Podcast Episode 81 – AWS Outposts and Serverless Twitter Thread Chat with Ben Kehoe (@ben11kehoe)

Ben Kehoe is a Cloud Robotics Research Scientist at iRobot and Serverless Hero (https://aws.amazon.com/developer/community/heroes/ben-kehoe/) among many things. After an exciting twitter thread which centered around what the upcoming AWS Outposts product could do (and perhaps be limited to) and the “why on-prem?” question that many ask, Ben joined me for a powerful conversation where we explore the advantages and challenges of cloud-owned features and so much which will be important to cloud ops and cloud developer teams everywhere.

Thank you to Ben for taking the twitter chat live and sharing great insights!

Listen to the episode here: http://podcast.discoposse.com/e/ep-81-aws-outposts-and-serverless-twitter-thread-chat-with-ben-kehoe-ben11kehoe/?token=f9f26aa628b7695e17806ad92a8511a7

Listen and Subscribe on iTunes here:

Podcast Episode 81 – AWS Outposts and Serverless Twitter Thread Chat with Ben Kehoe (ben11kehoe)

PODCAST LINK: http://podcast.discoposse.com/e/ep-81-aws-outposts-and-serverless-twitter-thread-chat-with-ben-kehoe-ben11kehoe/?token=f9f26aa628b7695e17806ad92a8511a7

My Thoughts on Why Tweets Cannot and Should Not be Editable

With all of the buzz around Twitter looking for a suitor to sell to at the moment, it reminded me that one item always seems to come up when discussing how to use the social media platform. Not many days go by without someone in my timeline asking “Why can’t we edit our Tweets?”. Here are my thoughts as to why that’s the case.

There is nothing like having a great tweet go out and get lots of engagement, only to realize that there is a glaring typo, or grammatical error. I can’t even count how many times I’ve let one slip with a strange autocorrect that twisted the meaning up.

Bait (Tweet) and Switch

It’s as simple as the use-case where someone sends out a tweet that gets some heat. It could be lots of retweets, or favourites, or even just embedding into another platform. The whole idea of the micro-style of the 140 character platform is that it is a thought at a point in time which could be either a fleeting thought, or a deep idea. Either way you look at it, each tweet is a unique item.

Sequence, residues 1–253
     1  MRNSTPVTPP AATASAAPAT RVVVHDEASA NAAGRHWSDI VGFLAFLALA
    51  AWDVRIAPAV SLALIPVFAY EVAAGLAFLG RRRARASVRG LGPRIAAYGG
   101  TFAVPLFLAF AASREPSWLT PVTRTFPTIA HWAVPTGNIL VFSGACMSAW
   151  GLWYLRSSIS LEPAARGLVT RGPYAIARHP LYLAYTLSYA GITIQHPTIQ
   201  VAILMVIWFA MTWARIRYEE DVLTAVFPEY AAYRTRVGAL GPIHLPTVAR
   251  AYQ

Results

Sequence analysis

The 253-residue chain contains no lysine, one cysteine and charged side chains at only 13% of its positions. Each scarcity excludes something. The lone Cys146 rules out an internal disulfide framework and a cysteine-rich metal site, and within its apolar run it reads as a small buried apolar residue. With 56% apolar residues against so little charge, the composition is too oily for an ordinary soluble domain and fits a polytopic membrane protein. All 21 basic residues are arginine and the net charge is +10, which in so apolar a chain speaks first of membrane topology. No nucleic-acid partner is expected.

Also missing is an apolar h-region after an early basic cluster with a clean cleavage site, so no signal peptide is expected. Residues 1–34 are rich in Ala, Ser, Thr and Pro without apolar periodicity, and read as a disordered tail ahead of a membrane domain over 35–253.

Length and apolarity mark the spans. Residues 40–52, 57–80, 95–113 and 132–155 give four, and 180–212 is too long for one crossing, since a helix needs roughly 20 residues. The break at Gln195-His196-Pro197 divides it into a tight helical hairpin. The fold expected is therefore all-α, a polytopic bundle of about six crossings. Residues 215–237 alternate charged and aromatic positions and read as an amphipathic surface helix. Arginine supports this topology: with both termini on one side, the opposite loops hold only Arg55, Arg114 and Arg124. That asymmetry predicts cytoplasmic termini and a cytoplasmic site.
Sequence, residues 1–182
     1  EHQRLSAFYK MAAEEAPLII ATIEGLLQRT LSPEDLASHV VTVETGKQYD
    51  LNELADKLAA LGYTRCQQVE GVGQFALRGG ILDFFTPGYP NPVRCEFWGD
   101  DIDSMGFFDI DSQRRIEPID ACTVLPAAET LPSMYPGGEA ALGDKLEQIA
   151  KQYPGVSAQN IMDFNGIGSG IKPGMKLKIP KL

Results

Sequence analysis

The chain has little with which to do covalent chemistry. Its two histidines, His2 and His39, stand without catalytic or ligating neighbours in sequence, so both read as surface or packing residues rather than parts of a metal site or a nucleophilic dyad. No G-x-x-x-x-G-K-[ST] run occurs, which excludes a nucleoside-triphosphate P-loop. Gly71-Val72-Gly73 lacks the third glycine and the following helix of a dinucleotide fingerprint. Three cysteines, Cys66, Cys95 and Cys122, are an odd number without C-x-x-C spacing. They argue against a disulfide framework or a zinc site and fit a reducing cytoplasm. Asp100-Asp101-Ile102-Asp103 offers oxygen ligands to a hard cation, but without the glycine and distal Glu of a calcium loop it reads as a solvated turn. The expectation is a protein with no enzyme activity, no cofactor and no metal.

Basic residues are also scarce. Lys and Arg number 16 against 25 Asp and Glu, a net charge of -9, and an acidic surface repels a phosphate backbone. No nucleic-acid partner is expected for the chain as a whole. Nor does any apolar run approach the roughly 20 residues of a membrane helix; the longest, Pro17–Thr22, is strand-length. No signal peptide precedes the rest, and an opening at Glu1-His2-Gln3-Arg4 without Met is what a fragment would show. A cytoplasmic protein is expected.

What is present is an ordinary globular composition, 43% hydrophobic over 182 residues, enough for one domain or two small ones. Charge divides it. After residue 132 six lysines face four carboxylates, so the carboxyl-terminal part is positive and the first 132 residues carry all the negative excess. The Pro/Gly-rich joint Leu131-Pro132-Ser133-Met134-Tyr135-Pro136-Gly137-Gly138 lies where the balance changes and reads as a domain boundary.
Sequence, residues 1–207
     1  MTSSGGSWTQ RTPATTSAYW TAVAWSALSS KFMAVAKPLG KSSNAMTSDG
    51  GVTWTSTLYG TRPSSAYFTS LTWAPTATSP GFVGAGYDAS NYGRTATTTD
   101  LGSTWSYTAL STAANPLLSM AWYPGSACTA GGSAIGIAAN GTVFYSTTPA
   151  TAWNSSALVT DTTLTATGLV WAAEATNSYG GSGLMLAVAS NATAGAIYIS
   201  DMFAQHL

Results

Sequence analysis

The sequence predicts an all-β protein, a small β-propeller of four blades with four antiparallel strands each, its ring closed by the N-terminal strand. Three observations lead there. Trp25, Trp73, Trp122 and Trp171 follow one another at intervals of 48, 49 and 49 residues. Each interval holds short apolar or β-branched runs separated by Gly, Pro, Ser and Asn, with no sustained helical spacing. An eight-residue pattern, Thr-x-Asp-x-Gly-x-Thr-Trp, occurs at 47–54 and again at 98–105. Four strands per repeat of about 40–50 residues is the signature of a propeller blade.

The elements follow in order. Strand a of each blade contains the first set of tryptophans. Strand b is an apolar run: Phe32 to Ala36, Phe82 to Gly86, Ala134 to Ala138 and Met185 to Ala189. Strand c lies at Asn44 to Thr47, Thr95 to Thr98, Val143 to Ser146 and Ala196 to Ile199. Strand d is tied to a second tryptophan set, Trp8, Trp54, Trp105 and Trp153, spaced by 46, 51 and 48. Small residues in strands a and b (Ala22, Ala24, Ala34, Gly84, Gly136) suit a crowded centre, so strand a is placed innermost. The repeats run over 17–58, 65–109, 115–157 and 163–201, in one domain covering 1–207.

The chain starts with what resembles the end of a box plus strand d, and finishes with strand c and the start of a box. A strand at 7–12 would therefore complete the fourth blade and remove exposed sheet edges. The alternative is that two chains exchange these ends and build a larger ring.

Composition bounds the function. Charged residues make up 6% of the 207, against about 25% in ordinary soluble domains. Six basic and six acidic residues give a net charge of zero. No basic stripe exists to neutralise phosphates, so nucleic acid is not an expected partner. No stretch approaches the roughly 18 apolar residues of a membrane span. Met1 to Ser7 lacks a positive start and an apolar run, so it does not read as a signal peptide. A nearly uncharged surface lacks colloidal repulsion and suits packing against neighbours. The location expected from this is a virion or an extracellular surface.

Imagine if you retweet someone’s tweet saying something of a very opinionated nature. Let’s just use a political example where someone may say “If you don’t vote for Party A, you are doing your country a disservice”. That tweet will get a lot of retweets because all of the folks who support Party A are strong believers and want to share their belief.

Now, let’s take that same tweet and make it editable. The person behind the original tweet changes it from “If you don’t vote for Party A, you are doing your country a disservice” to something quite the opposite like “Party A is taking the country down. Thank goodness for Party B”. If you had been a retweeter of that original tweet, you would now have the entirely opposite opinion sitting in your timeline without your knowledge.

Edit and Drop Activity?

What if we say that editable tweets drop the previous activity? If the safety measure to avoid a bait and switch of the tweet is to disconnect it from the engagements (retweets, likes, etc.), then you may as well just delete and recreate the tweet.